Crime prevention and safety information
Lincolnshire Police’s Reporting and Advice Centre provides information and advice on some of the most common topics, as well as access to crime prevention advice and the online crime reporting service.
Alternatively you can contact your local policing team.
StreetSafe is a national service for anyone to anonymously tell the police about public places where they have felt unsafe and the reason for it, eg street lighting, abandoned buildings, vandalism, being followed or verbally abused.
Lincolnshire Police will be using the information given to work with partners to make our streets safer.
Ask for Ani
This codeword scheme allows those at risk or suffering from abuse to discreetly signal that they need help and access support. By asking for ANI (pronounced Annie) in a pharmacy such as Boots, a trained pharmacy worker will offer a private space where they can understand if the victim needs to speak to the police or would like help to access support services such as a national or local domestic abuse helplines.
There may come a time when you need to call 999 but talking may put you or others in more danger.
If you are in danger and need the police, but can’t speak:
-Listen to the questions from the 999 operator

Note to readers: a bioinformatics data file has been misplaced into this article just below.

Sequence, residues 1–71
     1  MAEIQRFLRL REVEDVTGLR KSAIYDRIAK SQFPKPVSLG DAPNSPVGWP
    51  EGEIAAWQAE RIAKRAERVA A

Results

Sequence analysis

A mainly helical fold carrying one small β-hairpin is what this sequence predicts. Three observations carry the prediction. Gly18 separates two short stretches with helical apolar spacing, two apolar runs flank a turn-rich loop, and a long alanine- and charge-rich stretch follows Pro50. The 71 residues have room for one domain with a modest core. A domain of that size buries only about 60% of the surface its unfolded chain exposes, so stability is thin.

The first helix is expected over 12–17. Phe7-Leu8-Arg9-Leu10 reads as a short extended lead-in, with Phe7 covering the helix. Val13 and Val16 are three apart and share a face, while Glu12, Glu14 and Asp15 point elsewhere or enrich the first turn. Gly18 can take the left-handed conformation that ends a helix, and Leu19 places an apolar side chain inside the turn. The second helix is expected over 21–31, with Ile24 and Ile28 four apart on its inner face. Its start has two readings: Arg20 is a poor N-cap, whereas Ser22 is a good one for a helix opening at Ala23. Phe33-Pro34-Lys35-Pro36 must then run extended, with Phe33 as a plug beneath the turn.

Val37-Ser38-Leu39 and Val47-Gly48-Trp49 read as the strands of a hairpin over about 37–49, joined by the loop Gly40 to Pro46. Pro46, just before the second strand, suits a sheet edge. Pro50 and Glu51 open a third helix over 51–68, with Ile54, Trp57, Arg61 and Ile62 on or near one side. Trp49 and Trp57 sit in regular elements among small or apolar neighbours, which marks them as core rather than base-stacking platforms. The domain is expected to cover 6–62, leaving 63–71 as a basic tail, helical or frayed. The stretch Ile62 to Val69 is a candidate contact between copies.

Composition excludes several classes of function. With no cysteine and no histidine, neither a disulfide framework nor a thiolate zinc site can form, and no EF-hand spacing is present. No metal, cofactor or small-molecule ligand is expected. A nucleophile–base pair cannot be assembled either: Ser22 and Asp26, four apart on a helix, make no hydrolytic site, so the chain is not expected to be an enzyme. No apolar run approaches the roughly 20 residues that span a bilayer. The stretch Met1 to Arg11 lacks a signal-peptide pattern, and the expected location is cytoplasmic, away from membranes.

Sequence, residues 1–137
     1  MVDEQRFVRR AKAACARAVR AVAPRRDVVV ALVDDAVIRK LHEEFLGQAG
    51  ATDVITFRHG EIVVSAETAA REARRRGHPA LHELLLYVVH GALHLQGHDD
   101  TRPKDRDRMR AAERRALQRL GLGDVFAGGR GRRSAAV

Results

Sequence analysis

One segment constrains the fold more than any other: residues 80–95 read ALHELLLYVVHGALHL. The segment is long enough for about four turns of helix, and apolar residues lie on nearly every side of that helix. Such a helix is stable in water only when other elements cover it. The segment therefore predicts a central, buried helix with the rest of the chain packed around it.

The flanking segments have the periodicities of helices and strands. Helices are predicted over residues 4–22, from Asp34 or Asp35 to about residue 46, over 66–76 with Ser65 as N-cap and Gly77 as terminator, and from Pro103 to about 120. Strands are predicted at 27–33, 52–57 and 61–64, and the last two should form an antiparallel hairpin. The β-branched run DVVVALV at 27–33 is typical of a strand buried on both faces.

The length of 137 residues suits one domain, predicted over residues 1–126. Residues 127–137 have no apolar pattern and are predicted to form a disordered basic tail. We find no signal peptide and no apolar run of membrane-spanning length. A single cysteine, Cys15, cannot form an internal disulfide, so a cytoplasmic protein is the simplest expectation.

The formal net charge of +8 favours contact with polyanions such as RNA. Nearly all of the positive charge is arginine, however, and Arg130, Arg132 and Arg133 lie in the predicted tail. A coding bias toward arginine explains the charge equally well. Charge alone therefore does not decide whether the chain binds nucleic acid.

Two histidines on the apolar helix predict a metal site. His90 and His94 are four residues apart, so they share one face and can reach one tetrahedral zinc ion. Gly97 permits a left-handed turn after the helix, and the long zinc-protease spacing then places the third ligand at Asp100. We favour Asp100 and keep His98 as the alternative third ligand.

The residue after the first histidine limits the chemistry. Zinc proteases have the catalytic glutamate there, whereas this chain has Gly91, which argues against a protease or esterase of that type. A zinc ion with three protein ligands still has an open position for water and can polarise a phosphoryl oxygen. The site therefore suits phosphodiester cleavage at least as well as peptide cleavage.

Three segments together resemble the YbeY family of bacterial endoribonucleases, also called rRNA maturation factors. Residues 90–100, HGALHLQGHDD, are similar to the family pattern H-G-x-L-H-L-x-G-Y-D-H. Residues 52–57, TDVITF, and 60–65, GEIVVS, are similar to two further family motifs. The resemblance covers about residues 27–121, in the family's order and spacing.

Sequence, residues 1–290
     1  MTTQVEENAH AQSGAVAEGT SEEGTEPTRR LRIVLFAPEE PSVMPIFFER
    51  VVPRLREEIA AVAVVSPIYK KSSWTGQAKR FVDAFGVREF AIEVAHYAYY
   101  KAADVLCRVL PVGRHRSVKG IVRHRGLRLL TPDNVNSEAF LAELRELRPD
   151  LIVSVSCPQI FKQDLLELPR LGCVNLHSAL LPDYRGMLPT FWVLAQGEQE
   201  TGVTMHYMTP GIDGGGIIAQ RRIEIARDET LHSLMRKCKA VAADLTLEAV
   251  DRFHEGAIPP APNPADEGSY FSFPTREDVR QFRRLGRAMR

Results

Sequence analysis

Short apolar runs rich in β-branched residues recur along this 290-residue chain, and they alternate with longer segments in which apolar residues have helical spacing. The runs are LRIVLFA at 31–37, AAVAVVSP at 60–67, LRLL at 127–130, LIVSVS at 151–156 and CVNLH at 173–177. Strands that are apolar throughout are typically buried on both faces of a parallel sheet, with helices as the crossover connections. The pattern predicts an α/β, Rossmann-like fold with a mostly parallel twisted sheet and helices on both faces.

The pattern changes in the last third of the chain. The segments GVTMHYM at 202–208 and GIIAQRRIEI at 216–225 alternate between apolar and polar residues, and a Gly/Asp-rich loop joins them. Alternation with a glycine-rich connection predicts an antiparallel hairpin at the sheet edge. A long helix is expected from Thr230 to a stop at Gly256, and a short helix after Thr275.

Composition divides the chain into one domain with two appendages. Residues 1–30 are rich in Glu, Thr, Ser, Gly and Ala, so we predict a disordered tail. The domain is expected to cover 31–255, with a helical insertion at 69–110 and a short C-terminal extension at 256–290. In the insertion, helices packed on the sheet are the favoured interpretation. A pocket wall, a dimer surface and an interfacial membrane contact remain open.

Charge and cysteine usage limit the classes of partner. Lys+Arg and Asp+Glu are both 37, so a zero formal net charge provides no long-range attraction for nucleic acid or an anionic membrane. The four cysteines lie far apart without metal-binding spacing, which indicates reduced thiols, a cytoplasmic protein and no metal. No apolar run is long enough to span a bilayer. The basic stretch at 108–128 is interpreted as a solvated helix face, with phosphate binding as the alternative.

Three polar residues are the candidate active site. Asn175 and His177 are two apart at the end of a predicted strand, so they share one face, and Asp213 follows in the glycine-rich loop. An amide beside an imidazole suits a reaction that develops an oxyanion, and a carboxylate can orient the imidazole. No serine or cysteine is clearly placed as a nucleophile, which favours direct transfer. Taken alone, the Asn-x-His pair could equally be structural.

-Respond by coughing or tapping the handset if you can
-If prompted, press 55. This lets the 999 operator know that it’s a genuine emergency and you’ll be put through to the police
Hollie Guard App
Hollie Guard is a smartphone app that has been designed to turn your phone into a personal safety device. Shake or tap your phone to activate Hollie Guard - a high pitched alarm sounds and the flash starts to strobe to attract maximum attention.
When going on a journey, you can set a start and end destination before setting off. This will notify your emergency contacts once you arrive safety. An alert will be automatically triggered if you do not arrive at a destination within the parameters you have set.
Domestic Violence Disclosure Scheme
The Domestic Violence Disclosure Scheme (DVDS), also called Clare’s Law, means you can ask if the police have any information about your partner or ex-partner that could mean you are at risk of domestic abuse.
If you are worried about someone else's relationship, you can ask on their behalf under this scheme.
DVDS enables a person who is/was in an intimate relationship with a previously violent or abusive individual to make informed choices about continuing in that relationship or about their personal safety if no longer in the relationship.